Sample Nonprofit Business Plan with Explanations

Writing a business plan is a major undertaking. While most of us are accustomed to thinking of business plans as being a must for investors, they’re just as important in the world of nonprofit organizations.

At Addition Financial, we’ve worked closely with nonprofit startups. One of the most common questions they ask us is:

"What should I include in my nonprofit business plan?"

It’s an important question to ask. Your nonprofit business plan will define your goals and help you attract experienced board members, employees and donors. We’ve put together this sample nonprofit business plan to show you what you should include when you write your business plan.

Executive Summary

At the beginning of your nonprofit business plan, you’ll need an executive summary. It must be concise and contain a clear and compelling statement of your mission.

Because it is so important, the executive summary is often the last part of a business plan to be written. It should summarize your market analysis, lay out why there is a need for the services you’ll provide and explain why you are qualified to provide them.

We suggest doing a rough draft of the executive statement to start. Then, you can refine it as you go along and revisit it at the end to put the final touches on it.

Products, Programs and Services

In this section, you’ll lay out the specific information on what your nonprofit does.

You’ll need to include:

  • The products or services you’ll sell
  • The social programs you’ll provide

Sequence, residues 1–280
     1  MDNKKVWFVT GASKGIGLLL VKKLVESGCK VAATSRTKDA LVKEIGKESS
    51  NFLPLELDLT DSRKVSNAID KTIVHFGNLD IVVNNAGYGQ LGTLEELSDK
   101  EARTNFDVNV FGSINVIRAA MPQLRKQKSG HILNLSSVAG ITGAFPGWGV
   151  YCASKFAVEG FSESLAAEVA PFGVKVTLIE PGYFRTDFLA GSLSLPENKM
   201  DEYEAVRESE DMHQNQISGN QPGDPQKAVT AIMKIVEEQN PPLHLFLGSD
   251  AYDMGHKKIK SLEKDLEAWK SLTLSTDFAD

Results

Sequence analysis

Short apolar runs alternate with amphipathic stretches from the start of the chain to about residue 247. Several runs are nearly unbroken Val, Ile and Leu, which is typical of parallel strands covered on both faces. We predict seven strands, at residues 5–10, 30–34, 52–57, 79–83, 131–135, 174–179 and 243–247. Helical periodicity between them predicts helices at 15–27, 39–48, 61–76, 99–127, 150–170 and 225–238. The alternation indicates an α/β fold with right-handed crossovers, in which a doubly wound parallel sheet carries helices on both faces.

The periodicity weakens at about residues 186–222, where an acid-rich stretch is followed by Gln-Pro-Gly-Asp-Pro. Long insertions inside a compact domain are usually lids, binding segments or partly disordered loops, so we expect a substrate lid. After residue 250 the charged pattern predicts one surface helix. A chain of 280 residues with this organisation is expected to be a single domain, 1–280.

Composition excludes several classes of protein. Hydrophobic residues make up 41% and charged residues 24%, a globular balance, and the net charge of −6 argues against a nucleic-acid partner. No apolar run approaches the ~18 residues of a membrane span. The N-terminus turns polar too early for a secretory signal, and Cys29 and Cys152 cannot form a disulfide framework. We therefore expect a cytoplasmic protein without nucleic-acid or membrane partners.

• The benefits the community will derive from your presence
  • The needs you’ll meet and your plans for meeting them

Another way of looking at this section is that it explains how you’ll fulfill the mission statement in the executive summary.

Customer and Market Analysis

Next, you’ll need to expand on the summary market analysis that you put into the executive summary.

Here, you should include:

  • An explanation of the issues that made you decide to start a nonprofit
  • Details about the number of people affected, who they are, where they live and how your organization will reach them

In this section of your nonprofit business plan, facts are the most important thing. Make sure to be meticulous in your research and include as much relevant information as possible.

Marketing Plan

No nonprofit organization can survive without a marketing plan to help it reach its target audience – which includes both the audience you serve and your potential donors. You should include the four Ps: product, price, place and promotion.

Here’s what to include in each:

  • Product: Every item, service or program you plan to provide
  • Price: The cost of the products you sell and the services you provide
  • Place: Your planned physical location as well as information about your web presence and any distribution channels you plan to use
  • Promotion: Explain how you’ll get people to use your services and/or make donations to your cause

It’s also a good idea to include a section on customer and donor retention, since many nonprofits rely on repeat donations to stay afloat.

Operations Plan